Afghanistan

After fall of Kabul, the West forces cash crunch on Taliban

Published : August 21, 2021 21:05 IST

A Taliban fighter walks past a beauty salon with images of women defaced using spray paint in Shar-e-Naw in Kabul. Photo: WAKIL KOHSAR / AFP

The Taliban is facing financial reprisals for recapturing Afghanistan. Central bank assets and aid have been frozen.

The speed of the Taliban's capture of Afghanistan last weekend has left the West scrambling to curtail the Islamist militants' grip on the country. Military action has been all but ruled out and instead the United States and its NATO allies have turned to financial warfare.

U.S. President Joe Biden and the Federal Reserve have frozen billions of dollars in Afghan currency reserves held in the U.S. Nearly $9 billion (€7.7 billion) in assets are kept in the U.S. and other countries, including $1.2 billion in gold and more than $300 million in international currencies.

In anticipation of the fall of Kabul, Biden last week halted shipments of U.S. dollars to Afghanistan — a move the country's former central bank chief Ajmal Ahmady said would lead to "dire" prospects for the people. U.S. financial newspaper The Wall Street Journal reported that Washington is also blocking Taliban access to government accounts managed by the Federal Reserve and other U.S. banks.

Cash 'close to zero'

Ahmady wrote on Twitter that the country was “reliant on obtaining physical shipments of cash every few weeks,” due to a large currency account deficit. "The amount of such cash remaining is close to zero," he warned.

Several countries, including Germany, have halted development aid. Afghanistan relies heavily on foreign assistance to keep its fragile economy running. Last year, the country received nearly $8 billion in aid. The International Monetary Fund (IMF) has suspended around $340 million foreign exchange reserve assets that the Taliban could turn into hard currency citing a "lack of clarity within the international community regarding recognition of a new government."

Any Afghan bank reserves the militants can acquire will be insufficient to run the country, raising the prospect that one of the world's poorest nations is set to fare much worse. Hans-Jakob Schindler, a former coordinator for a United Nations team that monitored the Taliban and other extremist groups, told DW that the reserves are not enough to "run the country in a sustainable manner."

"There’s not much cash, if you think on a national scale," he said.

Drug trade funded militants

Having long faced international sanctions as a terrorist organization, the Taliban's insurgency was fueled by the huge Afghan poppy trade, drug trafficking and extortion. Afghanistan is the largest exporter of opium in the world and the latest U.N. report put annual funding from the source for the Taliban anywhere from $300 million to $1.6 billion.

The country's new rulers have vowed to put an end to the narcotics trade, a promise that has been viewed with much skepticism, especially in light of the financial reprisals from the West. "I very much doubt that they want to eradicate drug production in Afghanistan and their ability to do so," Schindler said, adding: "The commanders on the ground basically have no other income."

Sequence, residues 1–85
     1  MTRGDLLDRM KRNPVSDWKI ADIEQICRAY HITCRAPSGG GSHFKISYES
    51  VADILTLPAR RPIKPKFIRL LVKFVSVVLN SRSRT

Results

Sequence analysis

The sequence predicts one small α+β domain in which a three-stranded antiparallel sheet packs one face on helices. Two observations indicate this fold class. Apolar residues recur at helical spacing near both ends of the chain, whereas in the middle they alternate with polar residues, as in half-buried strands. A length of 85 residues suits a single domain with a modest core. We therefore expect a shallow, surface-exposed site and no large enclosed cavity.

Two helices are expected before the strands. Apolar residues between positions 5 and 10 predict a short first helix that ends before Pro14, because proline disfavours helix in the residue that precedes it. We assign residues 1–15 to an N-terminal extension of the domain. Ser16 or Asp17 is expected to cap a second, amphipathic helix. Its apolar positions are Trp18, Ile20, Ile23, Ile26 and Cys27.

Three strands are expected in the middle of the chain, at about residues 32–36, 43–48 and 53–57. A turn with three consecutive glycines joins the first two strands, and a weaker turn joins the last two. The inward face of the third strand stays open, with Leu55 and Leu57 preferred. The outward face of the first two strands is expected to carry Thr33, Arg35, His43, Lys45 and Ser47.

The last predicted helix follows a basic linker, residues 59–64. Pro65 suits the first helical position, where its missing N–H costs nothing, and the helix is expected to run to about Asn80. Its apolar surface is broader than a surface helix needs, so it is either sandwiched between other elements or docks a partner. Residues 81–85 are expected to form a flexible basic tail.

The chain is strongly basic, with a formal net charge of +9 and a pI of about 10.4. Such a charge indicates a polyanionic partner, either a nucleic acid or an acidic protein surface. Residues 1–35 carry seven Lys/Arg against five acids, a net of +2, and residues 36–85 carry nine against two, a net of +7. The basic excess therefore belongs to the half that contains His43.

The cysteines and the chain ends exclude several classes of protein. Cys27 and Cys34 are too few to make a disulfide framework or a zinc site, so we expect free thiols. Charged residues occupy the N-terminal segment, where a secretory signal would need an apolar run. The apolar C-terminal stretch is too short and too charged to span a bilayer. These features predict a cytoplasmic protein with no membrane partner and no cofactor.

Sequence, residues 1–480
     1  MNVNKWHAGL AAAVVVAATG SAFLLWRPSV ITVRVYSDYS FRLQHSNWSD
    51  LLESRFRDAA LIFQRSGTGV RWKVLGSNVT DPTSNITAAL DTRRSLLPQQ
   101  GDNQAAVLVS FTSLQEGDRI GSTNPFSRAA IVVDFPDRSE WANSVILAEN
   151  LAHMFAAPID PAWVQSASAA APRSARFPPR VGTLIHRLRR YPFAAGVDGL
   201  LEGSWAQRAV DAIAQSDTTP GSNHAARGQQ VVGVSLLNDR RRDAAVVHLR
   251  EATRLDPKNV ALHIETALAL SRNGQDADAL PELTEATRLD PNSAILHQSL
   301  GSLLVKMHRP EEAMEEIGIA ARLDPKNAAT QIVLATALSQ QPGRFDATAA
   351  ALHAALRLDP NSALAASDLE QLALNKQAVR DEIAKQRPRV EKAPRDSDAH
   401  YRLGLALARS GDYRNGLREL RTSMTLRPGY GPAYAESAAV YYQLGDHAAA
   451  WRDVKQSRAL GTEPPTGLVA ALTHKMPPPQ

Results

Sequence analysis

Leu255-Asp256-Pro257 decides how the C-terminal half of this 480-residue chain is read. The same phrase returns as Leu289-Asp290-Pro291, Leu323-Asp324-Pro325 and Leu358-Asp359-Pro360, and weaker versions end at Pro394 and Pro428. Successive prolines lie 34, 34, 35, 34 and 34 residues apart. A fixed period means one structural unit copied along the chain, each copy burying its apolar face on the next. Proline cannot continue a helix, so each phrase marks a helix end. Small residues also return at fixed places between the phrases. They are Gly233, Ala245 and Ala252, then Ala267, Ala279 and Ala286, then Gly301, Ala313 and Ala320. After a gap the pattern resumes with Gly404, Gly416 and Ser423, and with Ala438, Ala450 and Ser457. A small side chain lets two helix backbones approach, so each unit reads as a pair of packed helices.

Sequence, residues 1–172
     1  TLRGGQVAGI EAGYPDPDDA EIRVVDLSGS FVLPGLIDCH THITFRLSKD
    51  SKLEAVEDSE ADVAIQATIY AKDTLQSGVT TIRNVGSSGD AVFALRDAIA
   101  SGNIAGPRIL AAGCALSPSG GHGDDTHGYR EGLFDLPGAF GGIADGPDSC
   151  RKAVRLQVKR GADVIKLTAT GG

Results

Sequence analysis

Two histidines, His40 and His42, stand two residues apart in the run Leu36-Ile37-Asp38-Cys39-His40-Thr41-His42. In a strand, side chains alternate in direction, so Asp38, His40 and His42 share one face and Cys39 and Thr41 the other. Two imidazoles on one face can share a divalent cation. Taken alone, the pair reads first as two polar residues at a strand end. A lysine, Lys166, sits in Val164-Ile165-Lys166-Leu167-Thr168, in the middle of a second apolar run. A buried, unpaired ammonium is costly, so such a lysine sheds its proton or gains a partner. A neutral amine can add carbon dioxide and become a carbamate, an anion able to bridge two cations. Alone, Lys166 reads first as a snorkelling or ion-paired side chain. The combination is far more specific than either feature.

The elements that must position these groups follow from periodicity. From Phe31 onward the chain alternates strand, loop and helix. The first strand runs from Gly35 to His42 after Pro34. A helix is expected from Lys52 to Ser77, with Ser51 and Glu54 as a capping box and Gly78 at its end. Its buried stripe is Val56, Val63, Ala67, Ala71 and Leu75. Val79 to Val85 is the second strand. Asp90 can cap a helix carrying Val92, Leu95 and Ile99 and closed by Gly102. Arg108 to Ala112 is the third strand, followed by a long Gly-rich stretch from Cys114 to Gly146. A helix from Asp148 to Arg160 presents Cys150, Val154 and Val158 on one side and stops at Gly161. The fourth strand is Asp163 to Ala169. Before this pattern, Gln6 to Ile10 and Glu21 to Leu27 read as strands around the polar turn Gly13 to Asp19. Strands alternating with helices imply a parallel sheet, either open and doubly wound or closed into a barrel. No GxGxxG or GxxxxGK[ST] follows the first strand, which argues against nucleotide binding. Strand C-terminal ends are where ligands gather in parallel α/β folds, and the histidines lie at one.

A confidential NATO report revealed that the militant group also raises money from illegal mining, property and customs revenue from seized checkpoints. Several unnamed benefactors from Iran, Pakistan, the United Arab Emirates, Saudi Arabia and Qatar also make regular donations.

But the Taliban will clearly require international legitimacy to rule effectively. The freeze on assets and development aid could help pressure them to agree on a power-sharing government acceptable to the West. Any bank reserves seized by the militants during their recent offensive are unlikely to amount to much, Schindler warned, making new sources of revenue critical.

"We can say the accessible funds to the Taliban are perhaps 0.1-0.2 per cent of Afghanistan’s total international reserves. Not much," Ahmady, who left the country on August 15, wrote on Twitter.

Afghanistan is estimated to have between $1 trillion and $3 trillion worth of minerals, including copper and lithium needed to power the global energy transition. Much of it remains untapped due to endemic corruption and woeful infrastructure. Some analysts are skeptical about the Taliban's willingness or competence to exploit those natural resources, despite several recent mining deals with China under the previous government.

"The Taliban do not intend to rebuild the Afghan economy and will likely put an end to foreign business deals in the country," Tilman Brück, Founder and Director of the International Security & Development Center (ISDC) in Berlin, told DW. "By their nature and ideology, the Taliban are not interested in economic growth."

While China already has a footprint in the country, Western investors will likely shy away from involvement with a group that openly rejects liberal values to the extent the Taliban does, Brück believes. "The scope of private sector-led investment was always very limited and is even more limited with the absence of western military powers on the ground," he said.

Ahmady predicted that Afghanistan's new rulers will have to introduce currency controls — limiting access to dollars immediately — and said that inflation would rise as the local currency continues to drop, hurting the poorest the most.

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